“I felt strong pride at what I’d done,” Inoue recalled in the Japan Times article. “But once I stepped out of my country, I didn’t understand the language and the environment. Their coaching style was totally different (in Europe). I felt like I had been taken down a peg. It was tough for me, but eventually, I began to think I was immature, that I didn’t know anything. The world is so big. So when people ask me what the best experience from being abroad was, I always tell them that I realized how ignorant I was.”
Inoue was shaping into the ideal coach for Japan’s national team. He knew what it was to be a champion in Sydney. He knew what it was like to be humbled in Athens, when he didn’t medal. He realized that the world offered a treasure trove of lessons that would
When around 98% of a nation is perceived to be of the same ethnicity, it stands to reason that nationality and ethnicity are viewed as one and the same.
But Japan has been a magnet for those seeking opportunity as well as for Japanophiles, particularly since the economy boomed in the 1980s. As the influential Japanese television entertainment industry increasingly viewed diversity as a way to get more viewers, Japanese-speaking foreigners became more popular. Children of mixed marriages, those who essentially grew up Japanese, have now become de rigeur on Japanese television.
I was one of those foreigners who came to Japan in the 1980s, but because I am of Japanese ethnicity, I have been able to blend in. I get neither fingers pointed at me, nor praise for my Japanese proficiency. But even though my cultural background is American, I can see why the attention of Japanese still, to this day, perk up when a non-Japanese is in their midst. The non-Japanese is such a tiny population that they really do stick out. Like the majority of the film, Lost in Translation, the minority experience for the “gaijin” in Japan is clichéd. And yet true.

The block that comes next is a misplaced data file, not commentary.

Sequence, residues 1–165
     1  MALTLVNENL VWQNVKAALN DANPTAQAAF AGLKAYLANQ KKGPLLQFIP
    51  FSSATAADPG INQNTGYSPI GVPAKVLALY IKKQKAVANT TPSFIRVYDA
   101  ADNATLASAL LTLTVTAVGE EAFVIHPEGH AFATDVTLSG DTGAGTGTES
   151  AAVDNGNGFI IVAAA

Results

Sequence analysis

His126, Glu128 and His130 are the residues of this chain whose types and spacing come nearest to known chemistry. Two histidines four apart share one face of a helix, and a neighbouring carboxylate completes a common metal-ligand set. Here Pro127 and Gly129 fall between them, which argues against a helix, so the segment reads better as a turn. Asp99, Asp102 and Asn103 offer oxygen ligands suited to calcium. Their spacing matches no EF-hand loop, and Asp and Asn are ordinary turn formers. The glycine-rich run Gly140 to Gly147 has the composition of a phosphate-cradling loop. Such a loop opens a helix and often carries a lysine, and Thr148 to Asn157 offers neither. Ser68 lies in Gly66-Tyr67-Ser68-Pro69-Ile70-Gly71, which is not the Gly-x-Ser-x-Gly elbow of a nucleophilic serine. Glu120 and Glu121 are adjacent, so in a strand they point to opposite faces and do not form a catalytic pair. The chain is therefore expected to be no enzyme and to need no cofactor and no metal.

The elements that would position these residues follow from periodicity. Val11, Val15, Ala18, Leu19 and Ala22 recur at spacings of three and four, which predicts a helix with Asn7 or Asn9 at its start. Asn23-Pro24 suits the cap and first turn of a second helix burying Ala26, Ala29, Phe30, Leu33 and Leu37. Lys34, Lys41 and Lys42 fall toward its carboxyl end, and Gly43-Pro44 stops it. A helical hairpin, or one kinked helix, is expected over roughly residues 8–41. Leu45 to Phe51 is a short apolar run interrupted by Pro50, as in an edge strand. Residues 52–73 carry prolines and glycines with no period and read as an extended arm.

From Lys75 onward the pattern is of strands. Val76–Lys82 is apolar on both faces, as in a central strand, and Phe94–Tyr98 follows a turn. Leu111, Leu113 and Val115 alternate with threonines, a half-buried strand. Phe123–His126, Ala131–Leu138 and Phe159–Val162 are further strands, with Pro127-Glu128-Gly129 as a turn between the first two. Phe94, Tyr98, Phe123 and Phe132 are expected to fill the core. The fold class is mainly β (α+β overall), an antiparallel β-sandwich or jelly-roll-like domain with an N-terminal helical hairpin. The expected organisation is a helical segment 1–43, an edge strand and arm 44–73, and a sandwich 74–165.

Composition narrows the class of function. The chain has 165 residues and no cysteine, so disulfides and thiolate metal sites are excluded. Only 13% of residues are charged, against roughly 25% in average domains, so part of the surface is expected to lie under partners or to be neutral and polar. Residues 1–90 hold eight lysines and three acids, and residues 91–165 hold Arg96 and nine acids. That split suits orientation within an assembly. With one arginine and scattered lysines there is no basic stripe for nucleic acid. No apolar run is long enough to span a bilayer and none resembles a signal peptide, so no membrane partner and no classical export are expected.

So when the Japanese men’s 4X100 relay team very unexpectedly took silver at the Rio Olympics, losing only to the vaunted team from Jamaica, it was a very special moment for Japan. Not only did the Japanese excel in an area they are not customarily strong in – the sprint – a 23-year-old named Aska Cambridge (ケンブリッジ飛鳥), the child of a Japanese mother and a Jamaican father – was a proud member of those Japanese speedsters. He ran for the Japanese squad, he speaks fluent Japanese, and yet, he doesn’t fit the everyday look of what most Japanese perceive as Japanese.
When a 21-year-old Japanese won judo gold in the 90kg weight class at the Rio Olympics, Japan cheered. At the 2012 London Games, no Japanese won gold in judo, the most Japanese of all the Olympic competitions. In fact, no Japanese had won the 90kg weight class since it was introduced in 1980. So who brought back the glory? A person named Mashu Baker (ベイカー茉秋), the son of a Japanese mother and an American father.
At first glance, he looks Japanese. But it’s the name that sticks out. Baker is clearly not a Japanese name, and it is written in the press in katakana, the script reserved for foreign words. Interestingly, the first name “Mashu”, while spelled out in Chinese characters, was likely chosen because of its close approximation to the name “Matthew”. I don’t know what’s written on his US passport, but it’s possible the Bakers decided they wanted their son to be identified in Japan as a “ha-fu”, a child of mixed parentage.
“Ha-fu” over the decades, perhaps centuries, have on the whole experienced more prejudicial than preferential treatment. But I do not underestimate the power of role models. I am sure that the brilliant examples of Aska Cambridge and Mashu Baker will continue to help revise how Japanese, and the rest of the world, perceive what a Japanese is.